The current refugee problem facing international society has its roots in the Middle East. The impact of refugees is high in this region of numerous conflicts and continuous political instability. The Hashemite Kingdom of Jordan is one of the gently welcoming host countries that provides a refuge for people from adjacent areas. In protecting refugees, Jordan’s non-state sector plays an important role alongside the state and international regime Previous studies of Jordan’s refugee protection policy and international relations, however, have not addressed the NGO sector, although it has been mentioned in analyses of the Muslim Brotherhood, and in reference to Islamic Activism. In this context, NGOs are mostly treated as a threat to the state’s legitimacy.
This paper examines the development of Jordan’s refugee relief in the protection process and actor relations, especially among the state, international organizations, and non-state actors. It was found that Jordan’s NGO sector has grown since the country’s political liberalization; Islamic NGOs, in particular, play an important role in refugee protection in the urban sphere. The government of Jordan, by tightening the regulation of NGOs, has restricted their political activities and encouraged them to throw themselves into protection activities. The Jordanian refugee policy aims to attract international support, without becoming dependent upon international organizations, by organizing royal NGOs and using traditional Islamic channels to encourage the resilience of the whole community. In this way, Jordan strengthens he state’s legitimacy by contributing to state development and maintaining the stability of Islamic power.
John Borthwick Gilchrist (1759–1841) contributed significantly to the Hindustani language education of civil servants of the East India Company. Despite many difficulties, he wrote many dictionaries and grammar books. Because of his linguistic achievements, he was appointed as a teacher at the Oriental Seminary since its inception to teach a course on Hindustani and Persian languages for civil servants. Gilchrist flourished at the Oriental Seminary, and this success led to the establishment of Fort William College (FWC). At FWC, established in Calcutta in 1800, he worked as a professor of the Hindustani language from 1800 to 1804. He supervised translation work by Indian scholars and published many books on Hindustani.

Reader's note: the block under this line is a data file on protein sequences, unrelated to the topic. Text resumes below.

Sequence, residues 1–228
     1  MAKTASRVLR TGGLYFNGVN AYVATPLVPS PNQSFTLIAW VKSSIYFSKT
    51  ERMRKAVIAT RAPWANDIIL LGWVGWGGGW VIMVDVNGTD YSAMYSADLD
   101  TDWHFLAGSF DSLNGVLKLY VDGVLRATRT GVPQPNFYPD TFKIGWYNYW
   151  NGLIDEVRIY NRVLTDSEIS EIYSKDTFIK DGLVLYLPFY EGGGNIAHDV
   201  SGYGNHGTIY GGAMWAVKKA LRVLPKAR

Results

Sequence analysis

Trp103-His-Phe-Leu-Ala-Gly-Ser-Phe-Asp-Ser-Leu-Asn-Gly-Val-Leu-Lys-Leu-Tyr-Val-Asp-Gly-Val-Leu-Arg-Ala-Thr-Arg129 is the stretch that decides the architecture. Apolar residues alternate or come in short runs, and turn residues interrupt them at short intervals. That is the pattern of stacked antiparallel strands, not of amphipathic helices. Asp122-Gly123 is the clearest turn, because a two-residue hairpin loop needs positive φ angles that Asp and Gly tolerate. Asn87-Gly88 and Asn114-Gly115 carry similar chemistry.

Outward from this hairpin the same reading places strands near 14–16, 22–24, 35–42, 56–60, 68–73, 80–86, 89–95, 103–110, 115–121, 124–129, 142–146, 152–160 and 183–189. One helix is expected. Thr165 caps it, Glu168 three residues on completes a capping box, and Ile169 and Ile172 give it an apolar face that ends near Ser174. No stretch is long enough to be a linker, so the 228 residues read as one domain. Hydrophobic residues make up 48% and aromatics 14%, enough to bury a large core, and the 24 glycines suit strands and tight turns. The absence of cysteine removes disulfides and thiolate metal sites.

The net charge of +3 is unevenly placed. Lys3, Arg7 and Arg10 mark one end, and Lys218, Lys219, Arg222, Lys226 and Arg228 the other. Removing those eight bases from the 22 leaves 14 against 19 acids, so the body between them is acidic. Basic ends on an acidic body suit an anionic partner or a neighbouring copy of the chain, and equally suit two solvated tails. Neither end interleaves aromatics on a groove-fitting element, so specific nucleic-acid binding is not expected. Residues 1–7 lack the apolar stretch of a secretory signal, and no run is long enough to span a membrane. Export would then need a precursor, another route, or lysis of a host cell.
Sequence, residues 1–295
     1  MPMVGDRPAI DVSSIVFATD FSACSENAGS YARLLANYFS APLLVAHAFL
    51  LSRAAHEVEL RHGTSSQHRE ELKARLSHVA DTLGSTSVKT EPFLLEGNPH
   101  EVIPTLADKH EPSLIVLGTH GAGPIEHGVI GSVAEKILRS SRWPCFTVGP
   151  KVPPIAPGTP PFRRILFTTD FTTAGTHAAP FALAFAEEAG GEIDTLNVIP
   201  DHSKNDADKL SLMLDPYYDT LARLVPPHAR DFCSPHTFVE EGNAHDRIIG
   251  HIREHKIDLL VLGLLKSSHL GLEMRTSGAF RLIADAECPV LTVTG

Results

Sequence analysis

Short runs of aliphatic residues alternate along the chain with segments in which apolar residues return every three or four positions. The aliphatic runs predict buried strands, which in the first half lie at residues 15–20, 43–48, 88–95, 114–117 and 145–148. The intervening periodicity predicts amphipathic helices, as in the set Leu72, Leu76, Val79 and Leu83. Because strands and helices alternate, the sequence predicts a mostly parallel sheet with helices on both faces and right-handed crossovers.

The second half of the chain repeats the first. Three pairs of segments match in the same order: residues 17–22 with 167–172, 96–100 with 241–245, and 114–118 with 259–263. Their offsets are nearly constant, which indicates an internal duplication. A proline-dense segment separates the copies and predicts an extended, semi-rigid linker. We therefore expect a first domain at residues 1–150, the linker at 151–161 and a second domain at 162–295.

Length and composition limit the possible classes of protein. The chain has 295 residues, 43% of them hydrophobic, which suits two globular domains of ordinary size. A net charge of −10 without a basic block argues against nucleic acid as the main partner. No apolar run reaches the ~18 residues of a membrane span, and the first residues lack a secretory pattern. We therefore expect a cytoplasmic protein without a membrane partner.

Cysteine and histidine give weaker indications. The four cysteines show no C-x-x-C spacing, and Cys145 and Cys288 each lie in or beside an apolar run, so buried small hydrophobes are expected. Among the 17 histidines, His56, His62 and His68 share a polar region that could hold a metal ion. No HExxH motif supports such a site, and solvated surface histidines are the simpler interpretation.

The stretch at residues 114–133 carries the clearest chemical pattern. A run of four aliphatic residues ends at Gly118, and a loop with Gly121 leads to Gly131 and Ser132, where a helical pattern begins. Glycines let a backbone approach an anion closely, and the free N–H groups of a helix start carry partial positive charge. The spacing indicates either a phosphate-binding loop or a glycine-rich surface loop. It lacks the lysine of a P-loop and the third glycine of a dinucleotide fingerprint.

This paper concerns his personal history, research, and educational activities pertaining to the Hindustani language. His successors in the Hindustani department were unable to publish their work, and almost no reprinting was undertaken at FWC after his retirement. Although English replaced Indian languages as the administrative language of British India after a long controversy in the mid-nineteenth century, it is noteworthy that Gilchrist cooperated with the Governor-General in promoting ‘oriental’ education for junior civil servants. FWC could not have been established and maintained without Gilchrist’s efforts.
This paper examines biomass briquette production in Kampala, the capital of Uganda, as a case study of practical use of municipal solid waste as cooking fuel. In the 2000s, people in Kampala started to produce biomass briquettes from kitchen waste, such as banana peel, as alternative cooking fuel to charcoal. Briquettes were introduced in Africa in the 1980s, but production did not continue, reportedly due to high production costs and the ready availability of woodfuel. While considering waste generation, material collection, and briquette production, I have found that raw materials such as banana peel are available throughout the year, and producers can make briquettes without advanced technology or knowledge. The number of briquette producers has been increasing since the late 2000s, and individual producers have developed their production processes with the assistance of environmental organizations. Since the producers can acquire the raw materials in the city, they are able to set a low price for briquettes and make a profit from briquette production. Various background factors such as the availability of raw materials, the simple production process, and the involvement of local/international environmental aid organizations enable briquette producers in Kampala to manage organic waste and to continue their business in a sustainable manner.